Thoughts on My Neighbor Totoro (Youtube Pulled Our Movie Edition)

Well, folks, I wanted to post another movie here on the blog, and I stumbled along into another copy of My Neighbor Totoro on YouTube. Well, why not? That works perfectly fine. And it's in the original language? That's fine, too; everybody knows the words by heart. At least, you should.

I've been watching Ken Burns' The War this week, and it's been a moving and profound experience. Above all else, it's a heavy film, the heaviest retelling of World War II I've ever seen. Likely this will become the war's heaviest statement, as that fateful and legendary generation is dying.

I wanted to write posts here that connect with that war, or deal with war in general, to continue the dialog. It isn't really that hard, since the two principle filmmakers at Studio Ghibli were born and raised during WWII, and profoundly affected by them. Hayao Miyazaki, especially, has been shaped by the war and its aftermath in his native Japan.

Which kind of brings us back to Totoro. Despite its reputation the world over as one of the happiest, most pastoral tributes to rural childhood ever put to film, it is likewise impacted greatly by the war. In this way, Miyazaki created a deeply personal film. He's always been a personal storyteller, narrating his own idealism and cynicism and romanticism and despair, engaging the audience into his ongoing dialogs. But My Neighbor Totoro is different. It's far more nostalgic, it carries into his past, without ever really engaging the present. If we can relate to the characters in Totoro, it's because Miyazaki touches universal themes of our collective humanity.

Japan's post-war years were wracked with poverty, suffering and disease. Tuberculosis was a deadly disease among the civilian population. Miyazaki's own mother was hospitalized, on and off again, for many years. This affected their relationship greatly; the son was especially impacted. In a sense, he never really recovered. His mother's illness, the son's pain, and the emotional distancing between them would be portrayed in My Neighbor Totoro, and both the film and manga versions of Nausicaa of the Valley of Wind.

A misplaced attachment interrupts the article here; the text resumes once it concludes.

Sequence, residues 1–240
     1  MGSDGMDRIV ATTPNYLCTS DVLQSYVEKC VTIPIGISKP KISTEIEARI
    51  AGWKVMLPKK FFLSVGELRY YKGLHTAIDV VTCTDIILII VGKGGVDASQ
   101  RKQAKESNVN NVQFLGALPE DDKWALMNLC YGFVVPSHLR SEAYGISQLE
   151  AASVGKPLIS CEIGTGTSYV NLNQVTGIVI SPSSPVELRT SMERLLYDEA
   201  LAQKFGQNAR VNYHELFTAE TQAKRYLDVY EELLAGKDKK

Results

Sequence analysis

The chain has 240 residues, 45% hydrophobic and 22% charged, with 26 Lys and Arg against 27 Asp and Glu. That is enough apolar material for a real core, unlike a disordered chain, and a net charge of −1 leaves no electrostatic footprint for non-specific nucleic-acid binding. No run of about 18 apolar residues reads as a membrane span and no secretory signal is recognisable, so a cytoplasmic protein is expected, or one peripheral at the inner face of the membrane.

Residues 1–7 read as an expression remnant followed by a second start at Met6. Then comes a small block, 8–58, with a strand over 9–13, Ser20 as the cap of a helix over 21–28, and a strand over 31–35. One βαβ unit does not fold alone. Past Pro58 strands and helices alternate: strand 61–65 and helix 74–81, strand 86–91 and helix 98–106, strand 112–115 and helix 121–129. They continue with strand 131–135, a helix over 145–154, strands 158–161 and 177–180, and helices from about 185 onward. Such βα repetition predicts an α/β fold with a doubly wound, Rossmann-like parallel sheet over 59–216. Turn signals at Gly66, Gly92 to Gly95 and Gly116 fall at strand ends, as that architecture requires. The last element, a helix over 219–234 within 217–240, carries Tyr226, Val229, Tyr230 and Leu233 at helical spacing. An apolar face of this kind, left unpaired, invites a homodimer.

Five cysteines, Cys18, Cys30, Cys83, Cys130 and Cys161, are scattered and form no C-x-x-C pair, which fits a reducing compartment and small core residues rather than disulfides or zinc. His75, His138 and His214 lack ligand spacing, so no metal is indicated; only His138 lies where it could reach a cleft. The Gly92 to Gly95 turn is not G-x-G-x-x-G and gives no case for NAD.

Absent or surrogate parents played a role in Future Boy Conan, Laputa: Castle in the Sky, and Kiki's Delivery Service. Porco Rosso deals with alienation and the difficulty to emotionally connect to loved ones. And the struggle to find and maintain those connections in a world torn by war and suffering are at the heart of Princess Mononoke and Howl's Moving Castle.

For Miyazaki, so much of his emotional trauma comes back to those early childhood years. The reality of so much suffering around him, caught in forces beyond their control. My Neighbor Totoro, in a sense, is an effort to make peace with that past. He creates a pastoral paradise, one where childhood is truly cherished and allowed to flourish and grow. It is a world without the trapping of the adult world; here, landscapes are teaming with life, dark forests only offer mystery and awe, and a giant furry animal lies underneath the trees, quietly snoring away.